This subject-based tagging is definitely a work in progress, but it is made so much easier by LibraryThing’s new tag page, which easily lets me tweak my tagging so that I don’t have two similar tags.

Tuesday Thingers – Why LT?

June 3, 2008

Post 99!!

Why LT?

Why did you choose to open and maintain an LT account? Do you/did you use other online cataloging/social networking sites, like GoodReads or Shelfari? Do you use more than one? Are they different or do they serve different purposes?

LibraryThing was the first of the social networking booksites I learned of. A good friend of mine told me about it and strongly insisted that I join, so that she (and others) could peruse my library. I joined and signed up for a lifetime membership immediately, simply based on the strength of the cataloging, with no idea about the social aspects. My oh-so-enthusiastic friend promptly stopped doing anything with LT at all, although she has recently re-joined.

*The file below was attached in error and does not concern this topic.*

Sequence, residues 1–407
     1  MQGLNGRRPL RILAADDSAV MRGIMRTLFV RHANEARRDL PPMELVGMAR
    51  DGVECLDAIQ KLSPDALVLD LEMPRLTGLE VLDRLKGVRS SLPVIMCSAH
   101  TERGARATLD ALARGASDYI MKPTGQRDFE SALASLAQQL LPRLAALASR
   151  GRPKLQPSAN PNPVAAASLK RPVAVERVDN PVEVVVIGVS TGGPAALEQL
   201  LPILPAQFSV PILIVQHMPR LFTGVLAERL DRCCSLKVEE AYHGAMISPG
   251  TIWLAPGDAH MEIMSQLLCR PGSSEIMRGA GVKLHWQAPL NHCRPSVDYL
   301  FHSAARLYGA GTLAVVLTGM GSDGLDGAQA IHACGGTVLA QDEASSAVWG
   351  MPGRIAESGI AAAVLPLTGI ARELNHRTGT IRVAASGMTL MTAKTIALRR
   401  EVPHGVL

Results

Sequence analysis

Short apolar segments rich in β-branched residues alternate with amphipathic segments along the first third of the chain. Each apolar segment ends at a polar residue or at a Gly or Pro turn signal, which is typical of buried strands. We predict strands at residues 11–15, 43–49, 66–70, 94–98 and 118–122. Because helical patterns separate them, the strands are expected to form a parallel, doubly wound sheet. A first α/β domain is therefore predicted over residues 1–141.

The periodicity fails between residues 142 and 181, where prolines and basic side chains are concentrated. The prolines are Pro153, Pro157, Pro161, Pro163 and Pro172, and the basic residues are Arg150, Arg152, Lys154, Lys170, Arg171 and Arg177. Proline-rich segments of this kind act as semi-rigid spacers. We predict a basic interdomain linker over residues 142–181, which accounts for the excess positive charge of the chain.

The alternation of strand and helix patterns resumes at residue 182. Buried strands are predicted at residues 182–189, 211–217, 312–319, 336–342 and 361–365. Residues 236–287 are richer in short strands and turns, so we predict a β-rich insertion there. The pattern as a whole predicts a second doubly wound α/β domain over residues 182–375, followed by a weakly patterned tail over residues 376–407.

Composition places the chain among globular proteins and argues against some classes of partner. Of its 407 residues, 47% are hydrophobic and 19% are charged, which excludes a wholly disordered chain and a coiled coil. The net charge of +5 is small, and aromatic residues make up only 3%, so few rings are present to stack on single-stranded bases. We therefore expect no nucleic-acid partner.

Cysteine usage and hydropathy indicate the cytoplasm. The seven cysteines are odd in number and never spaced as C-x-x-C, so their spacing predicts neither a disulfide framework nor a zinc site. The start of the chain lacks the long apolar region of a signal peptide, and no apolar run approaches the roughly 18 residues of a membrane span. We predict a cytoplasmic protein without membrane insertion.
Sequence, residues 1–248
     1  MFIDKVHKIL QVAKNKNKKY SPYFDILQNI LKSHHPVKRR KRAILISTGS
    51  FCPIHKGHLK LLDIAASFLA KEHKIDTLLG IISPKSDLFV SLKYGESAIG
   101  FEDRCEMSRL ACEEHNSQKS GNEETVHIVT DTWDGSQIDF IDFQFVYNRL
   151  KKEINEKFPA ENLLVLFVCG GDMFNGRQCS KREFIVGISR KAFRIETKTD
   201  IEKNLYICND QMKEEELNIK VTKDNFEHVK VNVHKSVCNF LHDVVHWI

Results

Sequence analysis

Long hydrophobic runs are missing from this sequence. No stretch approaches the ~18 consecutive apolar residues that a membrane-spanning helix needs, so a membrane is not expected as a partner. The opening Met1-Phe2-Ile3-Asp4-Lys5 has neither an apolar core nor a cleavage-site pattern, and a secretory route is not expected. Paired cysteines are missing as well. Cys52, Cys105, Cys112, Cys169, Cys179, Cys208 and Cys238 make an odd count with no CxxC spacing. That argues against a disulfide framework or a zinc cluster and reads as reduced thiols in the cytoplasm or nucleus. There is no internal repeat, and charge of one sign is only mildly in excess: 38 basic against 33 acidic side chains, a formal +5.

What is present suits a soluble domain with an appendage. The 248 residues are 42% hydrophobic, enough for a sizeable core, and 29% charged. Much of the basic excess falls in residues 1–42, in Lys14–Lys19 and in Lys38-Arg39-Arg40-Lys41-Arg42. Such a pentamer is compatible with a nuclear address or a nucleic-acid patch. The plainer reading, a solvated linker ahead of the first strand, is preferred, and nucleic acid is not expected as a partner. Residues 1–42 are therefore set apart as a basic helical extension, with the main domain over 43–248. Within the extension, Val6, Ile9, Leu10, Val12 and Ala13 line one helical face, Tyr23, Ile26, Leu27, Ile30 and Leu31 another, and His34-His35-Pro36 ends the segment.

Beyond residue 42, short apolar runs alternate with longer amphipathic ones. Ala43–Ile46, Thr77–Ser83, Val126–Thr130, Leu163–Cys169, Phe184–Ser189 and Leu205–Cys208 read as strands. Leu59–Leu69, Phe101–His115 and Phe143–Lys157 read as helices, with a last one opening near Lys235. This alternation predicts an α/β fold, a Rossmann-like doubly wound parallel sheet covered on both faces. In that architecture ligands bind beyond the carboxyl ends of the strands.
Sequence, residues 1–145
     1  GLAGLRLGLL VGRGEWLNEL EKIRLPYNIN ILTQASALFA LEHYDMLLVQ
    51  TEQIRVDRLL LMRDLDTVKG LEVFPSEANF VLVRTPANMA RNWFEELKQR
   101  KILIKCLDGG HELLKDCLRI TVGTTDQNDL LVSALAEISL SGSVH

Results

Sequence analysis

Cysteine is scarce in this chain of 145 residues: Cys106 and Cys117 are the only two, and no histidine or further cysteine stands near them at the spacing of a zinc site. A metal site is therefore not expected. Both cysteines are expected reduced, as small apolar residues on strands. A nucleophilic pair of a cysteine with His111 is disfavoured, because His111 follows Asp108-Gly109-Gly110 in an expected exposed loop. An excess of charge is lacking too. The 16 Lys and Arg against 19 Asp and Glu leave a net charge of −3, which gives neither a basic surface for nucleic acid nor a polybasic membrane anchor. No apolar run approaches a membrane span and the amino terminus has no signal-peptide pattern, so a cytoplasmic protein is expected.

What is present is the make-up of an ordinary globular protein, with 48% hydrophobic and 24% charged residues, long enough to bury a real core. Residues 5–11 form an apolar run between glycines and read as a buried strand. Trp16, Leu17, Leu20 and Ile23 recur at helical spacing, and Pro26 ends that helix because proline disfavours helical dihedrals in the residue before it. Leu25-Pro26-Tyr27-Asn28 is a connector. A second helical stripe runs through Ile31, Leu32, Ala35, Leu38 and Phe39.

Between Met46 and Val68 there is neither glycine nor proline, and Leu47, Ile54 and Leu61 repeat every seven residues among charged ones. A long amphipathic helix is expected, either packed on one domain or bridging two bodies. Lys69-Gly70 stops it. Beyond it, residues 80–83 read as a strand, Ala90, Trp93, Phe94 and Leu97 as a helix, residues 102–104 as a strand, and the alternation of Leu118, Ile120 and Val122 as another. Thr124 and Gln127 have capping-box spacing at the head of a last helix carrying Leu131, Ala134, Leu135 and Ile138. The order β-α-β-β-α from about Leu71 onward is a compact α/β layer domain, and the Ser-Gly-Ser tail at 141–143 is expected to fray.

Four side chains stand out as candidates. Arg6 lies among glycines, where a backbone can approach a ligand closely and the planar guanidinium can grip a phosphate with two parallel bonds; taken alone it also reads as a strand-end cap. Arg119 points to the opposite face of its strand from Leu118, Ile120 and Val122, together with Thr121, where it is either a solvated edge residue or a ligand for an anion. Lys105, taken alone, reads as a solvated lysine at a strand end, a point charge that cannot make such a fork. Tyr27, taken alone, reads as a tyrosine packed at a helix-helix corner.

I started plugging into the social side of LibraryThing after learning about the Early Reviewers program in order to figure out how to increase my chances of winning and was promptly addicted. I have a couple of friends who have joined GoodReads, so I keep thinking about creating an account over there as well. However, I simply don’t have the energy to update two different accounts. If I did, I’d keep my wishlist separated from my library on LibraryThing. I have also thought about joining GoodReads or Shelfari to network with more book bloggers, but I just can’t seem to get excited enough about either one to do it. Because LT is what I know, they seem like a lesser thing to me, because they aren’t LibraryThing. I’m sure that both GoodReads and Shelfari have some fun, fantastic features that LT lacks, but with Tim and ‘The Powers That Be’ as responsive as they are, I would need a whole lot more time in my schedule before plugging into other booksites would be worth it.